Knees Over Toes Is Not Only Safe, But Necessary

We’ve all heard it: “Don’t let your knees go over your toes!”. 

Often touted by well-meaning trainers, physios and coaches in the context of lunging or squatting, this recommendation is based on the idea that the anterior (or forward) translation of the knee over the toes will place undue stress on the joint, rendering one more susceptible to injury. While the first part of this statement is true (certain structures in the knee are indeed loaded more as the knee goes over the toes), the notion that this will lead to injury and is therefore something to be avoided or feared is absolute folly! In fact, incorporating exercises with this knee over toe moment into your program is a great way of strengthening your knees and reducing your risk of injury- especially in a sporting context. 

Firstly, let’s discuss the way knees over toes is a very normal movement, and certainly nothing to be demonised or feared! You move your knees over your toes hundreds of times a day without thinking about it. Going up and down stairs? Knees over toes. Bending down to tie your laces? Knees over toes. In fact, when you’re done reading this blog, you’ll stand up and your knees will go over your toes. It’s a natural position/movement, so why are we so worried about it? 

The old wives’ tail originates from a 1978 Duke University study that found maintaining a vertical lower leg as much as possible during a squat reduced shearing forces on the knee, leading researchers to recommend trainees squat to parallel and no further. In 2003, University of Memphis research confirmed that knee stress increased by 28% when the knees were allowed to move past the toes while performing a squat. The study also found, however, that restricting forward movement of the knees during a squat increased hip stress by nearly 1000%! 

So, what actually happens when we allow our knees to go over our toes? Well, it’s true that there is an increased torque (rotational force) and shearing force placed on your knees. In this case, torque refers to the force applied by your quadriceps eccentrically controlling knee flexion, or concentrically producing knee extension. In healthy people, however, these forces are greatly below the body’s capabilities; meaning, your knees can handle it. This is especially true when the movement is slow/controlled, and low-resistance/bodyweight. 

Now, let’s talk biomechanics and squatting under load. When it comes to barbell squats, you’re aiming to maintain your centre of mass over your midfoot. Based on this, both your anatomy and the position of the bar will influence back angle and anterior knee translation. As you can see in the image below, during front squats (left) the knees travel further forwards than with low-bar back squats (right). With this, the quadriceps have a larger moment arm and are able to produce more torque around the knee. This does indeed place more load through certain structures at the front of the knee (the patellofemoral joint, the patella tendon, and the quadriceps tendon), however that’s not something to be concerned about!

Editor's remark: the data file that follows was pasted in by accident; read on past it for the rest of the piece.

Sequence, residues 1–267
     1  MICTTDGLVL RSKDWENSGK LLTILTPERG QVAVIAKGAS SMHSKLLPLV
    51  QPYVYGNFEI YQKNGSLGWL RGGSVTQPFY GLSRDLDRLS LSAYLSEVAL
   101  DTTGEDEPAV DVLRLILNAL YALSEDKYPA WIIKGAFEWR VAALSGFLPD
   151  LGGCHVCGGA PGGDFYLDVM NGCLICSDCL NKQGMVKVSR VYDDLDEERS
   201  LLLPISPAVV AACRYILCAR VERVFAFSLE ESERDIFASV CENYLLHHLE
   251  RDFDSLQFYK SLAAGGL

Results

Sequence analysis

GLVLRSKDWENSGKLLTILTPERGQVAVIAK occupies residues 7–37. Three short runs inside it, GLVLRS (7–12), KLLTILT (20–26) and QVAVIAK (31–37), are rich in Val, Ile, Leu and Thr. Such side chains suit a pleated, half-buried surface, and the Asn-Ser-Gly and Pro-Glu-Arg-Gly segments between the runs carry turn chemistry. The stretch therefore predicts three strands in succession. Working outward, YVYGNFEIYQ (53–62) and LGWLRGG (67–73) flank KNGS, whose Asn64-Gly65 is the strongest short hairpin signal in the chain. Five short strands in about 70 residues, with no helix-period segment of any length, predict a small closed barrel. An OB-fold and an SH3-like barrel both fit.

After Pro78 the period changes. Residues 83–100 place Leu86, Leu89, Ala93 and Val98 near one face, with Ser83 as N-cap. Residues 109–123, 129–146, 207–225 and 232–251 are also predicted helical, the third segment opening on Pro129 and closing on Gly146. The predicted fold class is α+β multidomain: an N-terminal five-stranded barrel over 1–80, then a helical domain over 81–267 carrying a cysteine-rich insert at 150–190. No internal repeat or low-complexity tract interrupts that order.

Bar position largely determines back angle and knee translation while squatting. Note the bar remains over the midfoot in each case. (Via Rippetone and Kilgore)

As with anything, your body’s ability to tolerate a given movement depends on the capacity of the tissues involved. So yes, if the muscles around your knee aren’t quite developed enough to stabilise the joint and diffuse the forces associated with a movement (especially one that is repetitive, high velocity, or heavily loaded), you may pull up with sensitivity, pain, or injury. However, that doesn’t mean the movement or position is inherently bad or ill-suited to you. Generally speaking, with adequate training you can build tissue capacity to be able to tolerate these forces without any problem! This is the beauty of progressive overload, and training adaptations.

Now, let’s apply these principles to an athlete. For example, a basketball player. Throughout the course of a game, the player’s knees will travel over his toes (at high velocity and with significant force) many times. If the player is restricting his knees from coming over his toes during training, it’s virtually impossible for him to build the capacity in surrounding tissues necessary to tolerate this force, and he’s very susceptible to injury on the court. In order to give himself the best chance of remaining injury-free, the player should be emphasising knees over toes in the controlled environment of the gym. With functionally specific exercises, the player can develop strength in the muscles that surround, support and offload the knee during movement, and improve neuromuscular control to engrain safer, more optimal movement patterns. 

So, in summary, knees over toes is a natural and safe movement. It’s something you’ll do many times throughout the day, especially if you’re someone who plays sport. To give your body the best chance of remaining injury free, you should be incorporating this movement into your training rather than shying away from it. That way, you build strength and develop motor control through this functional range of motion. 

Georgia Smith – BeFit Training Physio Double Bay

Georgia Smith – BeFit Training Physio Double Bay

Georgia Smith is an experienced musculoskeletal physiotherapist based in Double Bay, in the Eastern Suburbs of Sydney. Georgia has successfully treated musculoskeletal and sports injuries on the basis of a thorough assessment and diagnosis coupled with evidence-based rehabilitation programs tailored to the needs and goals of each individual. Georgia specialises in paediatric and womens health rehab based physiotherapy. To book a consultation, click the link below.

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